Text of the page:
8. Genta MS, Gabay C. Images in clinical medicine. Milwaukee shoulder. N Engl J Med. 2006; 354(2): e2. doi: 10.1056/NEJMicm050094

9. Matev B, Georgiev GP, Stokov L. A rare case of intraosseous ganglion of the triquetrum. J Clin Exp Invest. 2012; 3(1): 111-112. doi: 10.5799/ahinjs.01.2012.01.0124

10. Haber LH, Waanders NA, Thompson GH, Petersilge C, Ballock RT. Sternoclavicular joint ganglion cysts in young children. J Pediatr Orthop. 2002; 22(4): 544-547. Website. http://journals.lww.com/pedorthopaedics/Abstract/2002/07000/Sternoclavicular_Joint_Ganglion_Cysts_In_Young.24.aspx. Accessed
August 10, 2016

11. Deutsch A, Altchek DW, Veltri DM, Potter HG, Warren RF. Traumatic tears of the subscapularis tendon. Clinical diagnosis, magnetic resonance imaging findings, and operative treatment. Am J Sports Med. 1997; 25(1): 13-22. doi: 10.1177/036354659702500104

12. Kessler MA, Stoffel K, Oswald A, Stutz G, Gaechter A. The SLAP lesion as a reason for glenolabral cysts: A report of five cases and review of the literature. Arch Orthop Trauma Surg. 2007; 127(4): 287-292. doi: 10.1007/s00402-006-0154-1

13. Tirman PF, Feller JF, Janzen DL, Peterfy CG, Bergman AG. Association of glenoid labral cysts with labral tears and glenohumeral instability: Radiologic findings and clinical significance. Radiology. 1994; 190(3): 653-658. doi: 10.1148/radiology.190.3.8115605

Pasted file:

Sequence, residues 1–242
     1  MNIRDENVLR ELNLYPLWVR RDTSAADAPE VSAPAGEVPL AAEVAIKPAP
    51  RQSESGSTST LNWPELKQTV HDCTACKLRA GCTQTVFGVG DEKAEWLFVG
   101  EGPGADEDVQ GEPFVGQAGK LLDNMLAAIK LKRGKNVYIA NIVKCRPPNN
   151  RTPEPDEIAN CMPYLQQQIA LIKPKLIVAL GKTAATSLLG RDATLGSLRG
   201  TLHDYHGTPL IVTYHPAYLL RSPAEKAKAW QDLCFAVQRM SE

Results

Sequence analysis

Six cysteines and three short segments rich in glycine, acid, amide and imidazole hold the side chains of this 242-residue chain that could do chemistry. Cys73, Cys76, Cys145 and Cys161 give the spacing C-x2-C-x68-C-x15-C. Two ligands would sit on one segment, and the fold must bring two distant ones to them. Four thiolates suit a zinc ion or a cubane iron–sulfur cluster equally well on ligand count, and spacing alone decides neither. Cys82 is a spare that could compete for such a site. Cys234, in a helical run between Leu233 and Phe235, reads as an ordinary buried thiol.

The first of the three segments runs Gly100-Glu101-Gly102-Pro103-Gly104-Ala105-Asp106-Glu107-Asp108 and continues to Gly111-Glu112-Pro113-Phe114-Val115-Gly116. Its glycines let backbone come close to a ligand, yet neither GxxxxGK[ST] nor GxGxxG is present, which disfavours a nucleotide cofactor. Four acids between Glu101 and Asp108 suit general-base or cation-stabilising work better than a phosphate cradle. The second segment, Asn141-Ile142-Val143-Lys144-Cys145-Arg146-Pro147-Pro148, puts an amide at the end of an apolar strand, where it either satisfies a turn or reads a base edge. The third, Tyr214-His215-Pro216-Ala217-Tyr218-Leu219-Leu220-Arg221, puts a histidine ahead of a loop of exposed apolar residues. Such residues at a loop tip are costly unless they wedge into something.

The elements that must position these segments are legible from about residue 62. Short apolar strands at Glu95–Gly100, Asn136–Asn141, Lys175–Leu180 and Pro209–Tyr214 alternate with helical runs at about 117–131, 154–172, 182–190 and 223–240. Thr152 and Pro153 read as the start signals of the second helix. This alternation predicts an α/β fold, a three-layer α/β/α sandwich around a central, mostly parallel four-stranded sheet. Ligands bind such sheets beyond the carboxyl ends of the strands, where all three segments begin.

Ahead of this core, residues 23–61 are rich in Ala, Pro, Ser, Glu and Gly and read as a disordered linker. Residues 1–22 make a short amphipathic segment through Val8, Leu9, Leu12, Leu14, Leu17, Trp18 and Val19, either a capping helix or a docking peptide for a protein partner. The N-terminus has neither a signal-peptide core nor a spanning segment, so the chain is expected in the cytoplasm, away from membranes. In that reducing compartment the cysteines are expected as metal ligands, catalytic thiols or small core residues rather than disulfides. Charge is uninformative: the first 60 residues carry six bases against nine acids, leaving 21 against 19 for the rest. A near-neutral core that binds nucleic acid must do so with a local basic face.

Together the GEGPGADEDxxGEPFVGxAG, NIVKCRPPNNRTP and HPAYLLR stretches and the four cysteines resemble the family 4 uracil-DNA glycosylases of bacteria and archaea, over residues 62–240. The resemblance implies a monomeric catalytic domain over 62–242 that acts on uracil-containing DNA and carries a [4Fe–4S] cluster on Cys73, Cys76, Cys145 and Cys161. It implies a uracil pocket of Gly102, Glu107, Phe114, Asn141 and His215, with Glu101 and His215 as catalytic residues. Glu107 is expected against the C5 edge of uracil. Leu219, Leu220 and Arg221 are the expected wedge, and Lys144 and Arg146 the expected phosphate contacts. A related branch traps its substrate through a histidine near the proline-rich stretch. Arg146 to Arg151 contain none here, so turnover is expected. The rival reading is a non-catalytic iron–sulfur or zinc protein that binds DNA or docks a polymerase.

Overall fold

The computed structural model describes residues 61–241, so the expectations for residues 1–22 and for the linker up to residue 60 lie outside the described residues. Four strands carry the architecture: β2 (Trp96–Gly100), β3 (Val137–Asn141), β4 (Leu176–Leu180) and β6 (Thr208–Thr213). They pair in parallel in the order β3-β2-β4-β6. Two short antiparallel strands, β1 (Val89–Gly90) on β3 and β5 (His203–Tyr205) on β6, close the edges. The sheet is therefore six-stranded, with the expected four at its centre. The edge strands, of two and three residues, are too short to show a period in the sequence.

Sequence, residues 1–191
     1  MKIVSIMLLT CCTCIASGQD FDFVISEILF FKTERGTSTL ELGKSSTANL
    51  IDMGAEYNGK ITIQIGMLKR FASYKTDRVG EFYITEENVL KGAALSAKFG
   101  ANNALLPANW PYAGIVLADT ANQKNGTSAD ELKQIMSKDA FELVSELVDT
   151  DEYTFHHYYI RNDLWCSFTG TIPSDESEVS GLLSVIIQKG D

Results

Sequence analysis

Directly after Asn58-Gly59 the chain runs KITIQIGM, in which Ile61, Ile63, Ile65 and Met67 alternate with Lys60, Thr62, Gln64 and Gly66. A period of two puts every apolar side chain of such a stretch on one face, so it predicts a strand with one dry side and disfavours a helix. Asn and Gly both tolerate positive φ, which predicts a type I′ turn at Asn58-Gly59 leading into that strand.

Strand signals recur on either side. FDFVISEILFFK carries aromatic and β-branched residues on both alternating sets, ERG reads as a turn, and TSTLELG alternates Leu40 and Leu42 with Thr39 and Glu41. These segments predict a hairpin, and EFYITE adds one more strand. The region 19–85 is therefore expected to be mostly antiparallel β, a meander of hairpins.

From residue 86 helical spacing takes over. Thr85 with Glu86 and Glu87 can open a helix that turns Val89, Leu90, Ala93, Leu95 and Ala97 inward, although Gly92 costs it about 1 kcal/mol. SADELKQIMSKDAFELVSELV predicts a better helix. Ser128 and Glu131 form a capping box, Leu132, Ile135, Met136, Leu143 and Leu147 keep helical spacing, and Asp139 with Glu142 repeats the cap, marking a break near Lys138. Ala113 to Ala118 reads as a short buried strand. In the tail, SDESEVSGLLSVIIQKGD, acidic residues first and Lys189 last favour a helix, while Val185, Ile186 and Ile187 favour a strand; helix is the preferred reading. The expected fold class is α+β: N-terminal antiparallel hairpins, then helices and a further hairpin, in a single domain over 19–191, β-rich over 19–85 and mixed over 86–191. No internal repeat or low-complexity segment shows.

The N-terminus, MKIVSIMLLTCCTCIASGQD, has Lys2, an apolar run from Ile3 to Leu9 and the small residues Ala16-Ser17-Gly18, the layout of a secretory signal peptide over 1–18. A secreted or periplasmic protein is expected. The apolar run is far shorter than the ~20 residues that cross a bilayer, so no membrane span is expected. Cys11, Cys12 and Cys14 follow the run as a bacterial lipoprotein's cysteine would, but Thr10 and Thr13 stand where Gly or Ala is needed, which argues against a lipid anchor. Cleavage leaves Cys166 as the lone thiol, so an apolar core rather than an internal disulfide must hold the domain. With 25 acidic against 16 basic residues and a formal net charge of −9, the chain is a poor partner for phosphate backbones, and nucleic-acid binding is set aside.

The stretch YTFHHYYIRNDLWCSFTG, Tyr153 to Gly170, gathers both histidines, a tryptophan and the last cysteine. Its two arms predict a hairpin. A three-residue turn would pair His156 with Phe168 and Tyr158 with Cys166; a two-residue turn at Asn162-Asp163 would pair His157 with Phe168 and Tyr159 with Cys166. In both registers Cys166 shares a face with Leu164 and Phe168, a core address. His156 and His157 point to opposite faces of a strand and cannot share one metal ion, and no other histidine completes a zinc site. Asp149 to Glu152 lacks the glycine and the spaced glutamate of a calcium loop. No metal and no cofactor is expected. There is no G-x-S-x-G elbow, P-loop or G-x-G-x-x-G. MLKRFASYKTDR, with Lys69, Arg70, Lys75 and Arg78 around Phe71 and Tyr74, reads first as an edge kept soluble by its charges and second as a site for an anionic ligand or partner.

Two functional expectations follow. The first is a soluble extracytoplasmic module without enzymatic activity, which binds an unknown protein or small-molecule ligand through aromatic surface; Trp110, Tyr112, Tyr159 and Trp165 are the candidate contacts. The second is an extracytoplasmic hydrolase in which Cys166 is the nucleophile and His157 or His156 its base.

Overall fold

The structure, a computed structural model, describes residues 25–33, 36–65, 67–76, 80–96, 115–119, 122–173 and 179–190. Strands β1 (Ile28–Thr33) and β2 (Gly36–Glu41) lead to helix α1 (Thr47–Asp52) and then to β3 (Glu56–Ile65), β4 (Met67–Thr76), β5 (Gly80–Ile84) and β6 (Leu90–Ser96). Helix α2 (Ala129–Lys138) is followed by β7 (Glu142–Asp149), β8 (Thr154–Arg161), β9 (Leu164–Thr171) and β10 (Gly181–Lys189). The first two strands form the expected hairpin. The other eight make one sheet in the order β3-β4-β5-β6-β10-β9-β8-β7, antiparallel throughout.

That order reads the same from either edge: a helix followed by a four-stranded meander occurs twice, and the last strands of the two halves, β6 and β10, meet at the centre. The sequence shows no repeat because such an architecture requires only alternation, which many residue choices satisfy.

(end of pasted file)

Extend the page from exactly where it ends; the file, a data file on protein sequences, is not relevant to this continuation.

14. Westerheide KJ, Dopirak RM, Karzel RP, Snyder SJ. Suprascapular nerve palsy secondary to spinoglenoid cysts: Results of arthroscopic treatment. Arthroscopy. 2006; 22(7): 721-727. doi: 10.1016/j.arthro.2006.03.019

15. Schroder CP, Skare O, Stiris M, Gjengedal E, Uppheim G, Brox JI. Treatment of labral tears with associated spinoglenoid cysts without cyst decompression. J Bone Joint Surg Am. 2008; 90(3): 523-530. doi: 10.2106/jbjs.f.01534

16. Youm T, Matthews PV, El Attrache NS. Treatment of patients with spinoglenoid cysts associated with superior labral tears without cyst aspiration, debridement, or excision. Arthroscopy. 2006; 22(5): 548-552. doi: 10.1016/j.arthro.2005.12.060

17. Tung GA, Entzian D, Stern JB, Green A. MR imaging and MR arthrography of paraglenoid labral cysts. AJR Am J Roentgenol. 2000; 174(6): 1707-1715. doi: 10.2214/ajr.174.6.1741707

18. Satku K, Ganesh B. Ganglia in children. J Pediatr Orthop. 1985; 5(1): 13-15. doi: 10.1097/01241398-198501000-00003